Goldenrain tree — This species lends charm to the landscape throughout the year, with rare yellow tree blossoms in the late spring and summer that light up the whole yard. These are a 3 on the plant list, which means they can need up to 12 inches of added irrigation a year.


Smooth sumac — The only shrub native to all 48 contiguous states, this green, fernlike plant reaches a height of 10 feet to 20 feet and turns to bright red in the fall, before the leaves drop for the winter. Yellow-green flowers in the warm months transform into small red seed pods that feed birds throughout the winter. (Category 1) 

Penstemon — A family of shrubs found across the American West, they’re known for their stalks of dense bright pink, red, purple, blue or white. Easy to care for, you can just chop the stalks off once the flowers fade. They are also attractive to hummingbirds, who can give you hours of entertainment. (Category 1)

Prickly pear — These and other members of the Opuntia family are well-known as the champion cacti for surviving cooler climates, with a few variants found in the wild in Canada. Many, if not most, can do well in our arid mile-high climate, and some even prefer snow cover over being exposed to cold winter winds. (Category 1).

False Indigo — These shrubs, so named because they were used to make a cheaper version of indigo dye in Europe, are clearly distinguished by their small blue blooms clustered along flower spikes to give a beautiful show in spring and early summer. These turn into peapod-like seed pods, which rattle in late summer breezes. (Category 2) 

Flowers (perennial) 

Sunrose — Also known as rock roses, these bright little flowers can be a long-lasting ground cover in rocky conditions and come in an increasing variety of colors. They do well in full or partial sun, resist most pests and diseases, and are also attractive to many birds and bees. Watering twice a week during the summer to get them established is a good idea. (Category 2)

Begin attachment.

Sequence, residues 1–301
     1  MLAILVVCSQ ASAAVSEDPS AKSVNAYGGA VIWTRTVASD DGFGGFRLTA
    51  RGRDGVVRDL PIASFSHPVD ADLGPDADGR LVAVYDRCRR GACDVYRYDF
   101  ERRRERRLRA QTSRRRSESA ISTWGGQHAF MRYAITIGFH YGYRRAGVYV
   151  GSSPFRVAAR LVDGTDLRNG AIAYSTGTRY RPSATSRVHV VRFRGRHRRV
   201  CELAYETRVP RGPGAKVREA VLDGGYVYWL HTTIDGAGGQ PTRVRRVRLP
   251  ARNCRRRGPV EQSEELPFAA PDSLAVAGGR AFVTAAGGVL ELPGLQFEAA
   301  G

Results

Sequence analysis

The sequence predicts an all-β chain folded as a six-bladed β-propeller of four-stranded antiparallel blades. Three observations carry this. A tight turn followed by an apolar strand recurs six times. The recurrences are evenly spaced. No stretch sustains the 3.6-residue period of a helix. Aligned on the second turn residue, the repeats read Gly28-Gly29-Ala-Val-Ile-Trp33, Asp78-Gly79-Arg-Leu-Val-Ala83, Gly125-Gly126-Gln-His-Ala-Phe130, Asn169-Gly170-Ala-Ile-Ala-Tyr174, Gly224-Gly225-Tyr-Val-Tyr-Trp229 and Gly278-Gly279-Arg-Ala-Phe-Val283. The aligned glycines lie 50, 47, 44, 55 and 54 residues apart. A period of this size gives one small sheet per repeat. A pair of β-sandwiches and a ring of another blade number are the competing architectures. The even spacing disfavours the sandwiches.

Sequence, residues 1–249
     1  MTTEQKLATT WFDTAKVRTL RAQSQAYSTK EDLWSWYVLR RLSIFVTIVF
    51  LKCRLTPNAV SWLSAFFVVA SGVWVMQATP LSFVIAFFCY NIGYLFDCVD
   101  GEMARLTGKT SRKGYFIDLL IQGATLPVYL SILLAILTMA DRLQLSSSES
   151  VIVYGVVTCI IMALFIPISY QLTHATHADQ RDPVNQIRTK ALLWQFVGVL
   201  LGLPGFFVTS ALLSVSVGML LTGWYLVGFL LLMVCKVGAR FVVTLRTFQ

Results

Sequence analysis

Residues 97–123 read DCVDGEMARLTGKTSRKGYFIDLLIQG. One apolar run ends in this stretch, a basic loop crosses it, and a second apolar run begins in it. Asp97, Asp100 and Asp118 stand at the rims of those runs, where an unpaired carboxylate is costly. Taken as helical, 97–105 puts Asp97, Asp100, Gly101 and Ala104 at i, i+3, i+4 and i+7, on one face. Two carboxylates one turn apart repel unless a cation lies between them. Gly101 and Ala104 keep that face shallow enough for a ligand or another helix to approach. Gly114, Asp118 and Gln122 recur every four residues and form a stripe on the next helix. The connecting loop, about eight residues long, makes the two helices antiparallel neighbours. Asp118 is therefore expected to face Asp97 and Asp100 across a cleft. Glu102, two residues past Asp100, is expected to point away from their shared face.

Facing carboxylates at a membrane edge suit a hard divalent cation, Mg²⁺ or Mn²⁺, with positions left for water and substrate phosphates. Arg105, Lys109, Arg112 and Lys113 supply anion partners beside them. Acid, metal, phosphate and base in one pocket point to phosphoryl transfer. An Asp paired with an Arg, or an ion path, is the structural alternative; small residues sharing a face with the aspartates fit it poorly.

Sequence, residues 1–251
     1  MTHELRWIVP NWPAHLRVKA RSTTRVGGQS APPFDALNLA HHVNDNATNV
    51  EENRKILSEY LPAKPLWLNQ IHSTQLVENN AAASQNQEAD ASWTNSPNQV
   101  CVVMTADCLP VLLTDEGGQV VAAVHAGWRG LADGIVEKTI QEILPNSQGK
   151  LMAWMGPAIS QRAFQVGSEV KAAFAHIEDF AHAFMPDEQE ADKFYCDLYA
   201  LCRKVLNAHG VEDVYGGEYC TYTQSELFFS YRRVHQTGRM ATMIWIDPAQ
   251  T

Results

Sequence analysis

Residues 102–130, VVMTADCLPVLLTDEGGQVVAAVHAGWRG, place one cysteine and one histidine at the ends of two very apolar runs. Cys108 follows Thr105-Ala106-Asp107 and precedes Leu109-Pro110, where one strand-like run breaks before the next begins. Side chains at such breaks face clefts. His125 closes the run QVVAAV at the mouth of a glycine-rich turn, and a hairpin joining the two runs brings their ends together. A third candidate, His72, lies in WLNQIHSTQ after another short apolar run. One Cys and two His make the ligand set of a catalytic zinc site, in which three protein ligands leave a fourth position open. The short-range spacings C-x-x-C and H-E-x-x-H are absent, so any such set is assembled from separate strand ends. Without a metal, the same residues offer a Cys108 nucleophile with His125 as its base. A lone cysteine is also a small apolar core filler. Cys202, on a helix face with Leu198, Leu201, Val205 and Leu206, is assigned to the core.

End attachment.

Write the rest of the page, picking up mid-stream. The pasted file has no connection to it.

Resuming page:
Bee balm — Not surprisingly these are a great addition to any pollinator garden, attracting hummingbirds and butterflies along with bees. The seeds left behind draw birds through the fall and winter. There are red, pink, purple and white varieties, and all have a lovely fragrance to add to the show. They prefer full sun and plenty of air circulation, which can help prevent mildew. Grows best at 5,000-foot elevation or higher. (Category 3)

Red Hot Poker — Coming from the lily family, these spiky red (and sometimes other colors) flowers are magnetic to hummingbirds and add an exclamation point to your garden. Once established in full or partial sun they usually are there for the long haul, and if you give them some extra water once in a while they truly appreciate it. (Category 2)

Russian sage — Actually a member of the mint family, the leaves of this plant unleash a striking aroma when crushed, but the real star is of course the abundant lavender blooms that live throughout the summer. It can tolerate average or clay soil as long as it’s well-drained, but needs lots of sun to ensure it grows strong stems that will bear the glorious flowers year after year. (Category 1)

The full Prescott AMA low water-use and drought-tolerant plant list can be found at http://www.prescott-az.gov/wp-content/uploads/2016/07/plant_list.pdf. 

Photo: Red Hot Poker